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My Husband Died But I'm No Widow (originally in The Wall Street Journal_

Recently I called my investment company to make a withdrawal. The representative, who sounded quite young, introduced himself as Matthew and reminded me that we were on a recorded line.

“Let me look up your account,” I recall him saying after the preliminaries. “I see your husband passed away recently. I’m sorry for your loss.”

There was a puzzled silence on the other end of the line. “I’m sorry,” said Matthew. “But my records indicate your husband passed away.”

“He did,” I said, “but I’m not a widow.” Matthew mumbled something unintelligible. I knew he had no idea what I was talking about. To be honest, neither did I. But I didn’t want a stranger on the telephone to tell me what I was. Especially that I was a widow.

“But I thought—” Matthew began.

“Don’t worry about my marital status,” I interrupted. “The IRS knows my husband passed away, and there are no tax implications for withdrawing money from a Roth account.” The thought flashed through my mind that our recorded conversation might soon make an excellent training tape: “How to Deal With Crazy Widows.”

Unlike others who have survived their spouses, I did not change my marital status on Facebook when my husband died. Whenever friends posted condolences messages, like “Our hearts go out to you during this difficult time,” I quickly deleted them.

I did sign into my husband’s Facebook account to “redecorate” his page. Nothing major, I just fixed it up a little. Well, maybe more than a little. Maybe I accidentally friended someone while I was in there. It seemed like a normal thing to do, at the time.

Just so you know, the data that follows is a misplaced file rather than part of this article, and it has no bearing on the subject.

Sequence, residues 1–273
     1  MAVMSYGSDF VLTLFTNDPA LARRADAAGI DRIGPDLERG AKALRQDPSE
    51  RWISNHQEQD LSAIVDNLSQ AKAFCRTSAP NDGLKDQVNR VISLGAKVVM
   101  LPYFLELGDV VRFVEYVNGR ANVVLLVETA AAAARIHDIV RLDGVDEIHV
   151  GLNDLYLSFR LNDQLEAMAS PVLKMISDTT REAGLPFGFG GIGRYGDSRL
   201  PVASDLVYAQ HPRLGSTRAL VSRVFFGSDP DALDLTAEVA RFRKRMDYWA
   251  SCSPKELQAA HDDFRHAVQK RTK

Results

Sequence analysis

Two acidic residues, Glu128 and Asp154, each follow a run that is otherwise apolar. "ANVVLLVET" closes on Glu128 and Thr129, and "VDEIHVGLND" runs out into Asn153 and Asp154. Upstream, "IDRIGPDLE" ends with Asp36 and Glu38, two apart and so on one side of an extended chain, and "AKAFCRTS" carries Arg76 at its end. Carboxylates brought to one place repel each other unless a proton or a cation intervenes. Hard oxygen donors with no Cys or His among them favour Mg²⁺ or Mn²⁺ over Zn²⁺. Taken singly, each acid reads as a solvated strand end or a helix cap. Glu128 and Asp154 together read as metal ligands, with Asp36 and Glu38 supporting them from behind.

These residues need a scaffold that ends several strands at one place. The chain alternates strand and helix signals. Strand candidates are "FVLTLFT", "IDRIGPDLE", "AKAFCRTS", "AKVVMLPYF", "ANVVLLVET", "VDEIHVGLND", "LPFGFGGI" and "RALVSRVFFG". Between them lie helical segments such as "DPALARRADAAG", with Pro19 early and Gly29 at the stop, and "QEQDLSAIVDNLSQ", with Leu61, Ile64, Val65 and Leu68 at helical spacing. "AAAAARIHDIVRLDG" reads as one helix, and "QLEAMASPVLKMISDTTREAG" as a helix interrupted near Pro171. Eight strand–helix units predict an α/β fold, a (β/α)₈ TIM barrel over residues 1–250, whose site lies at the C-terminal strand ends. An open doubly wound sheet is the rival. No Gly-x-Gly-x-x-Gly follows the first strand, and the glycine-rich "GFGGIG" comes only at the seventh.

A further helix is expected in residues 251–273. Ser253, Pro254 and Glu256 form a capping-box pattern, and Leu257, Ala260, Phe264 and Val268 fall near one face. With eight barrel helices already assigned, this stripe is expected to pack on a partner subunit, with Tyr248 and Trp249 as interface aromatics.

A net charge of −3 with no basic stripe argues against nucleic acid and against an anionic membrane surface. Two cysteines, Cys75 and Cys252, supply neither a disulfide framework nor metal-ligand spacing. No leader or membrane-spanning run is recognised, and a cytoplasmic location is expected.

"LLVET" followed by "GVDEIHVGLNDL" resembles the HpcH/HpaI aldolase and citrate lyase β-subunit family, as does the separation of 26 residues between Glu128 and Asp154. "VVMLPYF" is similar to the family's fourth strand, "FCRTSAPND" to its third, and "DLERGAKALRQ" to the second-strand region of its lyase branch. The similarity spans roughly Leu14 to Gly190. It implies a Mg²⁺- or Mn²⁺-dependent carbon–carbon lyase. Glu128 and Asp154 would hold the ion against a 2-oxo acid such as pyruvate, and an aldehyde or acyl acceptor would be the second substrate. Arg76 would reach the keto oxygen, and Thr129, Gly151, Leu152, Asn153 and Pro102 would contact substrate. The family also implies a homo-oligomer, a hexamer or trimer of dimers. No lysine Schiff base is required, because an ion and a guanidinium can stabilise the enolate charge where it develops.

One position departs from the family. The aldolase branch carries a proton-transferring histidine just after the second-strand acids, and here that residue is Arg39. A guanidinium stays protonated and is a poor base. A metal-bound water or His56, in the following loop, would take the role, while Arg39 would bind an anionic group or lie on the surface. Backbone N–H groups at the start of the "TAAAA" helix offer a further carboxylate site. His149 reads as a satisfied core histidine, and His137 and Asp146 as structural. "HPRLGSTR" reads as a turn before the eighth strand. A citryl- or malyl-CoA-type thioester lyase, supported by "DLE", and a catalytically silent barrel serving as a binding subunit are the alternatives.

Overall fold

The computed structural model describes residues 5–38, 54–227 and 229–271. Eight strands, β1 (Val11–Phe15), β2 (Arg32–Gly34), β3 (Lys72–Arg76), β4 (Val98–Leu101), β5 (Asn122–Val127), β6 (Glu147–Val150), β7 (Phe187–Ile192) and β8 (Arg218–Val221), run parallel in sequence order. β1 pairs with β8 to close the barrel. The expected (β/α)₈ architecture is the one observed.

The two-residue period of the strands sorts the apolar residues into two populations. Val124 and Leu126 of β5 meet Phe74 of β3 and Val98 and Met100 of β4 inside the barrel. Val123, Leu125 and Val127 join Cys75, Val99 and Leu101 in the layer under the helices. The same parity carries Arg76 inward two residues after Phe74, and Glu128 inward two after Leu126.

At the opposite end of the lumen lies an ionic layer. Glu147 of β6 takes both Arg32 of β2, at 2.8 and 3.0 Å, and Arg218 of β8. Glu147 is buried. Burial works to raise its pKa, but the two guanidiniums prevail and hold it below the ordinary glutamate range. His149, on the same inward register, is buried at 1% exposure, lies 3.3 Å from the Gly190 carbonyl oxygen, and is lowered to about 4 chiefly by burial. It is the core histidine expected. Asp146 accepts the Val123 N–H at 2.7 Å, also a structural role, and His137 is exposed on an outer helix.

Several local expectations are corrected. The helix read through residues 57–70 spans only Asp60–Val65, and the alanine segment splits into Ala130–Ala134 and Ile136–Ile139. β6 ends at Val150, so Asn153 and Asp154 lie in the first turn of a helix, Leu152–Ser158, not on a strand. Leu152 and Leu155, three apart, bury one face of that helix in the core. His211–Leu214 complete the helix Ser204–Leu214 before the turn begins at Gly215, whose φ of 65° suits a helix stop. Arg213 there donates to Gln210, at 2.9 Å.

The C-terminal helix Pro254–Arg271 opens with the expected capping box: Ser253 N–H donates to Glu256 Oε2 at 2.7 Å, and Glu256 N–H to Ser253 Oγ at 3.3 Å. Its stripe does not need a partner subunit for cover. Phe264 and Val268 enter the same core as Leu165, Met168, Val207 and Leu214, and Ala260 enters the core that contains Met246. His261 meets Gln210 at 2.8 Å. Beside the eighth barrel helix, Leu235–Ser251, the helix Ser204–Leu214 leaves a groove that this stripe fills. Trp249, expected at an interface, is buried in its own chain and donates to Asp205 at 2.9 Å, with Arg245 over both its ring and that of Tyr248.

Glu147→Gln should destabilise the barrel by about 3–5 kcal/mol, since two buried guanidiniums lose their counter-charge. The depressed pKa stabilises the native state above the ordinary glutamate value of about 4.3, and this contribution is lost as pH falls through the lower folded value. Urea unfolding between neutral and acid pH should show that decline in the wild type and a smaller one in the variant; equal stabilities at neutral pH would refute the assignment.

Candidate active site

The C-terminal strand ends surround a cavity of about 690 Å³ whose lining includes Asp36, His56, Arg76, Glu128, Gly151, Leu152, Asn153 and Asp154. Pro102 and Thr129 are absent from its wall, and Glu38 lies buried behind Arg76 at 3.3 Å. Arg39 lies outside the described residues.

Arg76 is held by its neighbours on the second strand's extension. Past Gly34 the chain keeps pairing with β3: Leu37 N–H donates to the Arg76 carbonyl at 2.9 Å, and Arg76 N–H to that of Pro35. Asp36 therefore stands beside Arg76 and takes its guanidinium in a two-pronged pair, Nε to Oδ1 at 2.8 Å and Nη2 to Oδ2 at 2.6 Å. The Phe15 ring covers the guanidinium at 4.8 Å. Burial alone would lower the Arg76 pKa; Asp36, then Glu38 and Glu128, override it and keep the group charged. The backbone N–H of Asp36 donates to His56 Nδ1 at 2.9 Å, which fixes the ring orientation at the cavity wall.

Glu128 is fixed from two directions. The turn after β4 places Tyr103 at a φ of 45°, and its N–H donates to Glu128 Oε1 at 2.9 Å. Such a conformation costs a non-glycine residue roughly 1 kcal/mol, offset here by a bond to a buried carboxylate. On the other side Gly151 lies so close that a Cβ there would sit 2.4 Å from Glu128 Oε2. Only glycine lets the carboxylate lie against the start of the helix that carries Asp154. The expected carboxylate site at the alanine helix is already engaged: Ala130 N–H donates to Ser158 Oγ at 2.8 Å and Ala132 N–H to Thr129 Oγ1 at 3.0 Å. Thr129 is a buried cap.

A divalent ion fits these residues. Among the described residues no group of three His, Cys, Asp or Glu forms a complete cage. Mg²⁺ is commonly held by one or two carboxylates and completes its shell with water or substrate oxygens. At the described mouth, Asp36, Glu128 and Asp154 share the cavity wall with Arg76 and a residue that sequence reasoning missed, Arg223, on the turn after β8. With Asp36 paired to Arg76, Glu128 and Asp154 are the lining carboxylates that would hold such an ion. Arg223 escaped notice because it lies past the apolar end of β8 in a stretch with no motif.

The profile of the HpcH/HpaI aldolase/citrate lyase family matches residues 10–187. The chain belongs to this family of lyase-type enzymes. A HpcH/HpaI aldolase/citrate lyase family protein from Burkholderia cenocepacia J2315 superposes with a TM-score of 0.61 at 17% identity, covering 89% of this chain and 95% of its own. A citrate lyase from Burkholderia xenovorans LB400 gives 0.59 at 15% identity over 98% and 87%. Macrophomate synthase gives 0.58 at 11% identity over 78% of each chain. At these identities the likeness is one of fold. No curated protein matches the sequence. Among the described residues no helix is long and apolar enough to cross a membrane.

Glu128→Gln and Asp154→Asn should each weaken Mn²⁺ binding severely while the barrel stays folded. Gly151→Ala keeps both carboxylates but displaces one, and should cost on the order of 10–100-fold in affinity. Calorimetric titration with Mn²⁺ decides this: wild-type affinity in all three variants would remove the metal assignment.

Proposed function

Shortly afterward my daughter sent me a text. “Dom is really freaked out,” she wrote. “He said Dad tried to friend him on Facebook.” I pretended it was all a big mistake, but I was glad I hadn’t friended Dom’s girlfriend, too. One friend request from a deceased person is a plausible mistake, but two would be hard to explain.

The truth is, I don’t feel like a widow. Our vows, after all, said, “till death do us part.” To me that means “till death do us both part” or “till double-death do us part.”

I realize that my status as a widow has no relationship to how I feel about it. Probably lots of widows don’t feel like it. And vice versa: When I googled “I don’t feel like a widow,” I found multiple references to lonely women who were married but said they felt like widows.

Who has the final say? If you google “Is a widow married?” this pops up from the Internal Revenue Service: “The year of death is the last year for which you can file jointly with your deceased spouse.”

This decree by the IRS definitively seals the marital bond beyond death. The Bible, too, has my back: “bring justice to the fatherless, plead the widow’s cause.”

God, the government and Google all speaking with one voice! This is a seminal moment, a moment of transcendent truth, of absolution. I am not a widow—at least not yet.

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Comment by Justme on September 13, 2019 at 9:32am
I totally get it. I am a wife. It's just a really long distance relationship right now.
Comment by renee on August 27, 2019 at 4:37pm